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Tuesday, 27 November, 2001, 12:14 GMT
BadTrans computer virus strikes
Be careful whatyou type, Badtrans could be watching
Be careful whatyou type, Badtrans could be watching
A sneaky Windows computer virus is circulating that tries to install software that monitors what users are typing and passes it to the malicious program's creator.

Like many of the other computer viruses that have struck in recent months, BadTrans-B attempts to spread by exploiting weaknesses in Microsoft e-mail programs.

One anti-virus company has caught over 20,000 copies of the virus in the last 24 hours.

The UK, Germany and US are the countries most seriously infected by the virus.

Old holes

The BadTrans-B virus is spreading swiftly because, unlike many other e-mail viruses, the pernicious payload that helps it raid Microsoft Outlook address books does not have to be clicked on to set it off.

Simply previewing the item could cause infection. The loophole the virus exploits was first discovered in early 2001.

Badtrans-B file names
"It's baffling to find that even though Microsoft secured that hole eight months ago, many users have still not applied the patch," said Graham Cluley of anti-virus firm Sophos.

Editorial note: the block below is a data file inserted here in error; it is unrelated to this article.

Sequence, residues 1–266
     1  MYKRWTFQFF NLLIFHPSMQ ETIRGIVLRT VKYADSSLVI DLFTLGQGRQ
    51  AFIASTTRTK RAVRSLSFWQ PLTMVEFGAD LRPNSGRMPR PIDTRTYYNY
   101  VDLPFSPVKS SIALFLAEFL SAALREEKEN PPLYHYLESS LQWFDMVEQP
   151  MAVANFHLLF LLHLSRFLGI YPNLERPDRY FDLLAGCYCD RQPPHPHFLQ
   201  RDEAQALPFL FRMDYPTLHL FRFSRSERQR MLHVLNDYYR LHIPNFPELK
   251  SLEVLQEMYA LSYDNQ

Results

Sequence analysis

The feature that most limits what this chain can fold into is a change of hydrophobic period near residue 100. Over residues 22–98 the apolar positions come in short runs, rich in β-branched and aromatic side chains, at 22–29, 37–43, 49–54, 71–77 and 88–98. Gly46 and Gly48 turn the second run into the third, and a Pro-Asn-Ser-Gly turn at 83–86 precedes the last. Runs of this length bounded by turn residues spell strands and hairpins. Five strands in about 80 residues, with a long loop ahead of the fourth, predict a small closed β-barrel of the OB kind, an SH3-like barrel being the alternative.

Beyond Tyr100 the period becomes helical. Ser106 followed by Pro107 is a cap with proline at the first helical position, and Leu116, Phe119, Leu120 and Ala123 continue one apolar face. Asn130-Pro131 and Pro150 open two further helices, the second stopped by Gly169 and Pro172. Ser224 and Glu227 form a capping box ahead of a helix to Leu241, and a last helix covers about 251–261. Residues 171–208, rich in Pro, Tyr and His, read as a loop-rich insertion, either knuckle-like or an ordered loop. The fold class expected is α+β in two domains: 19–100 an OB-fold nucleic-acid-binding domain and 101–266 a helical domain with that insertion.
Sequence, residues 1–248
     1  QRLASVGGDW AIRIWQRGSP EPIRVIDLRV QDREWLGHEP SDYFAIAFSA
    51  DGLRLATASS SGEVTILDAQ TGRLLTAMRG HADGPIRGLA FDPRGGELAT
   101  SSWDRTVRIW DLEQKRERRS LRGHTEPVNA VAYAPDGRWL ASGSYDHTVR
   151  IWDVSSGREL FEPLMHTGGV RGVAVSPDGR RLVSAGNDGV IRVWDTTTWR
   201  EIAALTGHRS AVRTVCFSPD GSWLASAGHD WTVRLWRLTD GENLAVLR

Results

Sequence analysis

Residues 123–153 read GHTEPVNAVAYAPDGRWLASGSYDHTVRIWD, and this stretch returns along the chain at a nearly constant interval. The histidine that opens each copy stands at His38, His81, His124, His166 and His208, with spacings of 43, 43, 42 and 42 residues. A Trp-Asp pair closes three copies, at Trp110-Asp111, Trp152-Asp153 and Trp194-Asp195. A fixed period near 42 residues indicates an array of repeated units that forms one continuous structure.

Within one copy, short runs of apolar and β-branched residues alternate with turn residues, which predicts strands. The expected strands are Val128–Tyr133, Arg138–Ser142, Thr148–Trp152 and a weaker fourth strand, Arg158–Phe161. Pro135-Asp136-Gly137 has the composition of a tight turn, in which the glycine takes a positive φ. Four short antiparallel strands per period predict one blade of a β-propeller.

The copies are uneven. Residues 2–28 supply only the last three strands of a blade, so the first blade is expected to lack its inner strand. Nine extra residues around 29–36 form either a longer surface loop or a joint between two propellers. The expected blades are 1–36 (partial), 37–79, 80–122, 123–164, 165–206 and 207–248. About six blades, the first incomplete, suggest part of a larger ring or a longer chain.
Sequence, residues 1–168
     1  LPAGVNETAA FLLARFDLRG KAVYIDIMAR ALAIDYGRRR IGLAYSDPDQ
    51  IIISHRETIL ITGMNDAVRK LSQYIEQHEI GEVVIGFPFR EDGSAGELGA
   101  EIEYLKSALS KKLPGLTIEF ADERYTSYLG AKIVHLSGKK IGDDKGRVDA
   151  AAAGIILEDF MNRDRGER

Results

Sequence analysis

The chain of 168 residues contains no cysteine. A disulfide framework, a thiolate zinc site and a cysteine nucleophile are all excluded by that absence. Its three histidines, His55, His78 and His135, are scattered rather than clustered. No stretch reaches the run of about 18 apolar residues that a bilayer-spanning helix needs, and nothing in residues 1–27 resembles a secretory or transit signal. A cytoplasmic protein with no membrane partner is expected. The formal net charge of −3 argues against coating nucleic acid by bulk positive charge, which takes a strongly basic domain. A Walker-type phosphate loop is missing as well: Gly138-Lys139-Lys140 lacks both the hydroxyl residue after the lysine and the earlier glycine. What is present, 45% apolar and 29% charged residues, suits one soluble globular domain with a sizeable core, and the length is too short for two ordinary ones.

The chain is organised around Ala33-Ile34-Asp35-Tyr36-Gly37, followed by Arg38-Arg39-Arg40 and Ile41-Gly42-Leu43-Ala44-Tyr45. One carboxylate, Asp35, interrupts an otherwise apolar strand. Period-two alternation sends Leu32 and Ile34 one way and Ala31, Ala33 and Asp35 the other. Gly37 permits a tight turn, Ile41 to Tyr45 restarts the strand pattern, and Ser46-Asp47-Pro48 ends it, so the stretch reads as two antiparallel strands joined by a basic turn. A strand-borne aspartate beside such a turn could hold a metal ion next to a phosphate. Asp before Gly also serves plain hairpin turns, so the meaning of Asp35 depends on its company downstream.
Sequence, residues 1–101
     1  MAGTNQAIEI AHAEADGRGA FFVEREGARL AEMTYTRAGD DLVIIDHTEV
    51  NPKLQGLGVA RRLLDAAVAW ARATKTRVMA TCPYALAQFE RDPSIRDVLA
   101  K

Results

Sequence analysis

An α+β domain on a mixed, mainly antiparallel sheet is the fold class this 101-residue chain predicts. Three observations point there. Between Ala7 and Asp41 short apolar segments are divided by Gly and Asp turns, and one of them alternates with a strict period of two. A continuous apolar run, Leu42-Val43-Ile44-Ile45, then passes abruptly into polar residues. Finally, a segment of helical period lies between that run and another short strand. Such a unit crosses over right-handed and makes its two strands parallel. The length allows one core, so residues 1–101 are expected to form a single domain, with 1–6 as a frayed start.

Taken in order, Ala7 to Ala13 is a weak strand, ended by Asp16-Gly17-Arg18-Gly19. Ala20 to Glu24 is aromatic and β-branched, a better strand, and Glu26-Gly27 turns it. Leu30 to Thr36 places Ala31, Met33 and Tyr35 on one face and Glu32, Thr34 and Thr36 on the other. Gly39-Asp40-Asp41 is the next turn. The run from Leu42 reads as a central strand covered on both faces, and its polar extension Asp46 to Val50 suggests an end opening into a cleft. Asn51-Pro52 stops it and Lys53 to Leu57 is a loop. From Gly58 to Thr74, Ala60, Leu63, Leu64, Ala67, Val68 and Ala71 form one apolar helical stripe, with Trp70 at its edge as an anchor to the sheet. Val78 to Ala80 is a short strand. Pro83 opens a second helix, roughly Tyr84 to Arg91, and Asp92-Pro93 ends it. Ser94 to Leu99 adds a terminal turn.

When the virus mails itself to the contacts in the address books it raids, the virus uses a subject line from an existing message to make it appear to be a legitimate reply.

The virus also regularly swaps the name of the attachment travelling with it, in an attempt to conceal its pernicious payload.

BadTrans-B is a variant of the original BadTrans virus that was first discovered in April.

BT Openworld error

As well as raiding Outlook and Outlook Express address books, the virus also tries to implant a hidden program that tries to send an identifying net address to the author of the virus.

The hidden program also monitors what users are typing and the information it tracks could be used by a malicious hacker to steal credit card information or passwords for websites.

Britain seems to have been hit hard by the BadTrans-B Windows virus. Anti-virus firm Message Labs, which logs the numbers of pernicious programs it traps, has caught over 21,000 copies of BadTrans-B in the last 24 hours. Over 50% of these originated in Britain.

The spread of the virus was inadvertently helped by BT Openworld, which accidentally e-mailed a copy of the virus to its customers.

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Computer filth exposed
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